|‘Point In Time’ survey: Area homeless numbers on the rise|
|Tuesday, April 01, 2014 7:28 AM|
By NANCY WHITAKER • Progress Staff Writer
Every winter, the Department of Housing and Urban Development (HUD) picks a night in January for a survey of the nation’s homeless. On Jan. 28, NOCAC and the Northwest Ohio Housing Coalition conducted the annual Point-in-Time (PIT) count in Defiance, Fulton, Henry, Paulding, Van Wert and Williams counties.
Paulding County had a total of nine people considered homeless.
They included: one adult male, one adult youth male, and a family consisting of a man, woman and a youth. Also homeless in the county on that PIT were three Paulding County veterans.
Those falling in the “at risk” category in Paulding County included: 13 adult men, 22 adult women, 18 male youth, 16 female youth and 40 families consisting of 29 men, 40 women and 49 youth.
On that day alone, there were 144 homeless persons seeking assistance and another 602 persons identified to be at risk of losing their housing within the next 4-6 weeks.
The number of veterans in the six county regions currently at risk of homelessness totaled 18, with Paulding County having three.
Families at risk increased significantly from 2012 and 2013, going from approximately 93 families to 181 families.
Also included were the total number of families and individuals who were being assisted for one night only (in hotels or motels) due to the weather which totaled 26.
As frigid winter weather descended on much of the region in January, there were serious concerns for the many people at risk of physical harm from the “polar vortex” cold.
In northwest Ohio homeless shelters were operating at capacity according to reports. This forced those who couldn’t get in to try to find alternate shelter or to seek shelter all night in a 24-hour truck stop to stay warm.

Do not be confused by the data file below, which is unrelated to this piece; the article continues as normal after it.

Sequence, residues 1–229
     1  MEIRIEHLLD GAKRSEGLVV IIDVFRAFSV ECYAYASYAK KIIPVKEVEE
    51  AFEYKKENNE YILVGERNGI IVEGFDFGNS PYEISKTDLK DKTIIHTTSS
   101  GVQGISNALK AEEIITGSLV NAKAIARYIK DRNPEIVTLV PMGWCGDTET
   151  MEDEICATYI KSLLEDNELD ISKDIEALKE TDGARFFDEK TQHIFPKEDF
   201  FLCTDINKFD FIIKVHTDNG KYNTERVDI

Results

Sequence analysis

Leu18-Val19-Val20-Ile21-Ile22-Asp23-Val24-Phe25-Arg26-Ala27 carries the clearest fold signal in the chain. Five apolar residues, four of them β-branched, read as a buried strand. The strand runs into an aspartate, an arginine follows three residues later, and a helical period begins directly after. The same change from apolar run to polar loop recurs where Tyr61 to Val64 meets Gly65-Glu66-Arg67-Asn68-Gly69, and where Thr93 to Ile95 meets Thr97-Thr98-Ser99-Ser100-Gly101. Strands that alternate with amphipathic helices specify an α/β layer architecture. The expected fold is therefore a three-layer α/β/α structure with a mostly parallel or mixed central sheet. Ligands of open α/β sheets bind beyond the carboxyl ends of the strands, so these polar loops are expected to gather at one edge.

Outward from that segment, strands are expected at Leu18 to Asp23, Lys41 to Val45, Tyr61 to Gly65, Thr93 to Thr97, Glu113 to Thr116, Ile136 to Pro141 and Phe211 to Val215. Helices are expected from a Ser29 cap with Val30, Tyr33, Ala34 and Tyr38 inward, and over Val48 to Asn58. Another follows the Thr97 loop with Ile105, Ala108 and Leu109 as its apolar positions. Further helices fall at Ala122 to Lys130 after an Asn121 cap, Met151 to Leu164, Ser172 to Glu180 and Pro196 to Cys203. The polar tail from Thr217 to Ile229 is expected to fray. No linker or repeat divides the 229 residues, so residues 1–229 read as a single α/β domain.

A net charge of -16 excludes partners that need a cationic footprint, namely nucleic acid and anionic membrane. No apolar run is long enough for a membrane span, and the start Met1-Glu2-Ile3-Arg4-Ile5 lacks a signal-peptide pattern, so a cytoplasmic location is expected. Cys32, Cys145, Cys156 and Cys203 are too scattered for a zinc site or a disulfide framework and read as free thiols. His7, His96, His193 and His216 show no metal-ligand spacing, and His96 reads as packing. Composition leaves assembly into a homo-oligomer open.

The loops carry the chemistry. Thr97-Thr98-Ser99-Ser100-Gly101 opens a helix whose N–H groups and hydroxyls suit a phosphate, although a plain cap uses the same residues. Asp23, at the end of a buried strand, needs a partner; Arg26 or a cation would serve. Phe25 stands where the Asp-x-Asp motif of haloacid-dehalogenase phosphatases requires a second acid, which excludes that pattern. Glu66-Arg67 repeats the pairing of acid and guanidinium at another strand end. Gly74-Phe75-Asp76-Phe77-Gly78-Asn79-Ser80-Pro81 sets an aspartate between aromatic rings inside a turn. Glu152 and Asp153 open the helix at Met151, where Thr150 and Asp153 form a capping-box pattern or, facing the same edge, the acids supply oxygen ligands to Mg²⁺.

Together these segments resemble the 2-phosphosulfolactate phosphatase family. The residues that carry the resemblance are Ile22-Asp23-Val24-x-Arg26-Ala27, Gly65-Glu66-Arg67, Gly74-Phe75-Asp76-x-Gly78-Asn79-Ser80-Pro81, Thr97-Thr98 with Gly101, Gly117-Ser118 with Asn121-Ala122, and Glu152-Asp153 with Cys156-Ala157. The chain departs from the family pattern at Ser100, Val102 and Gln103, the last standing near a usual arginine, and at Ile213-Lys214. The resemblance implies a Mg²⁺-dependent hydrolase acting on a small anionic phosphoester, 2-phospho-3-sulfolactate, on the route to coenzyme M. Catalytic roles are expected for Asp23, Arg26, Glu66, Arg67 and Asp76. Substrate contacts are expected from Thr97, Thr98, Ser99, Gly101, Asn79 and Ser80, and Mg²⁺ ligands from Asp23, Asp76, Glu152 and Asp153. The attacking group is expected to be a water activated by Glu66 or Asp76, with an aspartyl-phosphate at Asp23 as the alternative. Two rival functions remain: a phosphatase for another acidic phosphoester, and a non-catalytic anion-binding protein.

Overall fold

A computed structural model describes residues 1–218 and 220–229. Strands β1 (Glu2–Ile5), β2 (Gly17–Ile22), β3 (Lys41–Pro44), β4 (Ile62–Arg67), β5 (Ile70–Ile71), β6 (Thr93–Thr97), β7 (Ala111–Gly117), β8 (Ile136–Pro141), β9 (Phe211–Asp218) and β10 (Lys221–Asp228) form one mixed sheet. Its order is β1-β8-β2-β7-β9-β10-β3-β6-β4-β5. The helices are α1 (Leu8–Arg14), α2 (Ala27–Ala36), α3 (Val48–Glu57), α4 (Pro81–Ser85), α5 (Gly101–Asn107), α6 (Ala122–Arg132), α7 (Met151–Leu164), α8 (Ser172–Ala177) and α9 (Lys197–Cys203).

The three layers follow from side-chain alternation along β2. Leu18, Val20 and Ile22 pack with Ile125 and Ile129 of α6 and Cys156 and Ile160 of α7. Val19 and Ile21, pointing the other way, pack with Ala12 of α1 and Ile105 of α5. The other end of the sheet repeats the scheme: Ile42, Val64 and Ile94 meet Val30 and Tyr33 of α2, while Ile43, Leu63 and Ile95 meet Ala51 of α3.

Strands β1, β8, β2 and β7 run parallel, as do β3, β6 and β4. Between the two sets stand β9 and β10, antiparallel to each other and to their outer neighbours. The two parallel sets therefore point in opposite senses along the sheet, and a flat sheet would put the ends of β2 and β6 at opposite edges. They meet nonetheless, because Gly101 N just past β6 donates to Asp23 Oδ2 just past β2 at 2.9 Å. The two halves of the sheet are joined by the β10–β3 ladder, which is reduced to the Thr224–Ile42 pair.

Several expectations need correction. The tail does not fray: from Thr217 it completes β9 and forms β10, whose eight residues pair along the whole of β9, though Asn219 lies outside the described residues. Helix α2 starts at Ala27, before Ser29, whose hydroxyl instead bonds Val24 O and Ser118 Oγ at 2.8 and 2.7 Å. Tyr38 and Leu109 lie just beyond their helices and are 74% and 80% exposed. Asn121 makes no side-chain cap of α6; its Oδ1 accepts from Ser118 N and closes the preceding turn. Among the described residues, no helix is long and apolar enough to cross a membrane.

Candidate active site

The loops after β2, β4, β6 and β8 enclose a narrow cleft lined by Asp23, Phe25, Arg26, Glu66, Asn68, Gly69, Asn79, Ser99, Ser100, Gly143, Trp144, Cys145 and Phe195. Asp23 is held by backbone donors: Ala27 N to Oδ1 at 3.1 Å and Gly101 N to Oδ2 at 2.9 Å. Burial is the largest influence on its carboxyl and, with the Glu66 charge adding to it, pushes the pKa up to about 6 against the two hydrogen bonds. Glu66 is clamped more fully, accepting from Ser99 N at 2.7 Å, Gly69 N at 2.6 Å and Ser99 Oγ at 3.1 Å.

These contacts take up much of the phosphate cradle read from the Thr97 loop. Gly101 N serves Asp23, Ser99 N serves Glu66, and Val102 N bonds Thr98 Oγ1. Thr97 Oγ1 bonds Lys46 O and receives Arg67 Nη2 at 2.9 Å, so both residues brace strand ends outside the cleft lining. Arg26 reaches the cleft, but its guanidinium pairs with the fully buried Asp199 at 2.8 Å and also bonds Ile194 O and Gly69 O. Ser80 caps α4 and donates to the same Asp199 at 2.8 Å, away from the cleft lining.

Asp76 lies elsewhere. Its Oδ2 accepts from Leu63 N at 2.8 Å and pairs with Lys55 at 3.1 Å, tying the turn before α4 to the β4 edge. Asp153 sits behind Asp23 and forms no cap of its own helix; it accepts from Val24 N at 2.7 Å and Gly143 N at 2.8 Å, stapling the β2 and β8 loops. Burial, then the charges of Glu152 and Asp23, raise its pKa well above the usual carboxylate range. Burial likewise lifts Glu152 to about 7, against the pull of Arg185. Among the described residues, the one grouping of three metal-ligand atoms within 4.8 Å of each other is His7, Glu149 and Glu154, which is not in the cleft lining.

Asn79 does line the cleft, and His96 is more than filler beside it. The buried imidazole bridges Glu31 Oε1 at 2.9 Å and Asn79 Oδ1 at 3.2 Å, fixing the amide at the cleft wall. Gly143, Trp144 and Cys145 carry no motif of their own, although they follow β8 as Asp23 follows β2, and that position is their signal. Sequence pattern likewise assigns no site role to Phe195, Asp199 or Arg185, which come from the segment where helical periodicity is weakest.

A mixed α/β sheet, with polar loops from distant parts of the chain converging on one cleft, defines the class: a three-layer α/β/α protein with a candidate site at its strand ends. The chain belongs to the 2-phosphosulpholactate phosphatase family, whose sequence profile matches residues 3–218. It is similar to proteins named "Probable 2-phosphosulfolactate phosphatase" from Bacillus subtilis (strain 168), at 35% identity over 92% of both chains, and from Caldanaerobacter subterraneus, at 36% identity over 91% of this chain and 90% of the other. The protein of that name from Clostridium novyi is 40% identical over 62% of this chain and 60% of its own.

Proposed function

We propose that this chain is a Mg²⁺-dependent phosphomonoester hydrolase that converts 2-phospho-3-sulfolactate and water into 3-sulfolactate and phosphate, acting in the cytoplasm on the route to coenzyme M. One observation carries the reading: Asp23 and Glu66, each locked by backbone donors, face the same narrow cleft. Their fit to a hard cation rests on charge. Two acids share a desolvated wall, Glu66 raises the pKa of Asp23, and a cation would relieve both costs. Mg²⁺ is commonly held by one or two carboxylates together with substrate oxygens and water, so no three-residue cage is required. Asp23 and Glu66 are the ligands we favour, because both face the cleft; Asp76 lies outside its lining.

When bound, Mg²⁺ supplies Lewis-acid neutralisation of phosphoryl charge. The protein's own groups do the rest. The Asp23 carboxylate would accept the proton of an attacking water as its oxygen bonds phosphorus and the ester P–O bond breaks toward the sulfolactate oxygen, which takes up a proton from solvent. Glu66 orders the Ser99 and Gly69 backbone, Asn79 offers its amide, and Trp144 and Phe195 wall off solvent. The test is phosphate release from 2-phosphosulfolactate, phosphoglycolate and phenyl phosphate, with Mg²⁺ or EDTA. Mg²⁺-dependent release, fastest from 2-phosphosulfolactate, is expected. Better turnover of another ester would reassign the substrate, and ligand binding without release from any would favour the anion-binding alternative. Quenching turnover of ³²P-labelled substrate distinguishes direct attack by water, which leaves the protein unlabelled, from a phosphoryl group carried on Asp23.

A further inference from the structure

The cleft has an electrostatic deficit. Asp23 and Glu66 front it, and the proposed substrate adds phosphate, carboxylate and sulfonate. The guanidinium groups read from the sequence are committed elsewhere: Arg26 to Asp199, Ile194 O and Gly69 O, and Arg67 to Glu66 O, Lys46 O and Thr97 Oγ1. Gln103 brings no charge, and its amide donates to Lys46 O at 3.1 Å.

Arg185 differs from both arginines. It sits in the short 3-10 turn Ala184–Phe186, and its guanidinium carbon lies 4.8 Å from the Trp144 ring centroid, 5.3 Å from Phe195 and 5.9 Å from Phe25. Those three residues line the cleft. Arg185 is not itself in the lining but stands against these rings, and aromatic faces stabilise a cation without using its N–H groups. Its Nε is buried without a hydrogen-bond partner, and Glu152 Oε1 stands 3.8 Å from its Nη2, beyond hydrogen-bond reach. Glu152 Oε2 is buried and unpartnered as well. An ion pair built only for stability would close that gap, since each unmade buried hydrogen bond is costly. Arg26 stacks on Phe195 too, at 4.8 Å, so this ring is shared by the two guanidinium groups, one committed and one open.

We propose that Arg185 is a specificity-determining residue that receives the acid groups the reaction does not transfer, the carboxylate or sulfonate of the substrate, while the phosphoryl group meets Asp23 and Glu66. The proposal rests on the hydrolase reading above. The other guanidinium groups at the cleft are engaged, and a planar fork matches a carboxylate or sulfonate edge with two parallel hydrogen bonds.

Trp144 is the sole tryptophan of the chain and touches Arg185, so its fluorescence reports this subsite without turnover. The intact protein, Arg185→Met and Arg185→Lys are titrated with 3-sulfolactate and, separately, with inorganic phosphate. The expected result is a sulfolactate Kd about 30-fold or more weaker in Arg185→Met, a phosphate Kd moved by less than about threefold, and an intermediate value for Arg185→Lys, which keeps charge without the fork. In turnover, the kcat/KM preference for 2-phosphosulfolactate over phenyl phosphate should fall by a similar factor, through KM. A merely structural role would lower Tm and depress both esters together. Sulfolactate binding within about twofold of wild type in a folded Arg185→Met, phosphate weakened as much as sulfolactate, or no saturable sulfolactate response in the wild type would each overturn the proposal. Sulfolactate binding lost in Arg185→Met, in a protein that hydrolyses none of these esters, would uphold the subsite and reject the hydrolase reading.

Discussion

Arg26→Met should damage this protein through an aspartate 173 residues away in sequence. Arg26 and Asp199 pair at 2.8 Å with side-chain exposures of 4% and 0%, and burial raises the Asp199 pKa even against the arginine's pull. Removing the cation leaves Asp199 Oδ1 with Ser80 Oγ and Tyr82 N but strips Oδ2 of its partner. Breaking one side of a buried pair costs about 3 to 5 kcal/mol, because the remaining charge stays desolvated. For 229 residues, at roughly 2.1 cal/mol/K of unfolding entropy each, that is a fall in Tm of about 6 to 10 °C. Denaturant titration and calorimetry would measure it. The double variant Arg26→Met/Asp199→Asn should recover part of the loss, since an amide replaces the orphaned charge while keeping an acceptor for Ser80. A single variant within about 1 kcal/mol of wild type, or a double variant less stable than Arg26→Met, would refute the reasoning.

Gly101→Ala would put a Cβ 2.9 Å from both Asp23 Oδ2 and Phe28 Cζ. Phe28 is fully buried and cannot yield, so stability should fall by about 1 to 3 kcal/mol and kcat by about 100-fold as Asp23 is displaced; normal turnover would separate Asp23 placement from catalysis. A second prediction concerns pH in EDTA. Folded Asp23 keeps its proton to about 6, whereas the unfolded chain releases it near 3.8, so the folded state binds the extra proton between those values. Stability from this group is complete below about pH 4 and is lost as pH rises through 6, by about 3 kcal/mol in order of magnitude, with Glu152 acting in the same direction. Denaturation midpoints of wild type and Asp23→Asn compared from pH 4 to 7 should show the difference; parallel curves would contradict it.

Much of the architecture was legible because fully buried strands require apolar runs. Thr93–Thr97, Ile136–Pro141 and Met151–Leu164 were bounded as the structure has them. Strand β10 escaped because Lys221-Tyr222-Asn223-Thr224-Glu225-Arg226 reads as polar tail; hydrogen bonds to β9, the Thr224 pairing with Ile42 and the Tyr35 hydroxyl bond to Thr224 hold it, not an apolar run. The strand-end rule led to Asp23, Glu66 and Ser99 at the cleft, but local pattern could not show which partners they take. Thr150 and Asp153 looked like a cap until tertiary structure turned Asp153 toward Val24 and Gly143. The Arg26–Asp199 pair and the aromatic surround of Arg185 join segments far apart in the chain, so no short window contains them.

The PIT purpose is to take a statistical sample of what housing and homelessness looks like on a single day in communities throughout the United States.
This year’s PIT count day was the coldest on record for the region. The unexpected and unprecedented adverse conditions appeared to not only increase the awareness of the homeless in the region, but also served as a catalyst for communities to seek out the most vulnerable of those.
In addition, some agencies that have usually participated in the count could not this day due to counties issuing snow emergency level 2.
According to the National Coalition for the Homeless, there are 3.5 million homeless Americans, and on any given night, over 700,000 people are without a home.
Approximately 700 of these homeless people will die from hypothermia every year. Those deaths tend to occur in the East Coast and in the Midwest. Temperatures in the region have repeatedly stayed below freezing this winter leaving thousands of homeless people in danger.
Although homeless people living in rural areas tend to be less visible than those sleeping on city streets, curling up in doorways or under bridges, they are not invisible. They are sleeping in storage units, stores, unlocked vehicles, in tents, or their cars. Shelters are often harder to access, and too far away to walk.
As it has been in years past, the 2014 homelessness count is an effort to shine a stark light onto what, on any given day, is the reality of the “invisible” and very present problem of the homeless population of northwestern Ohio.
POINT IN TIME COUNT 2014
Number of Homeless:
Van Wert 24
Number at Risk:
Van Wert 168
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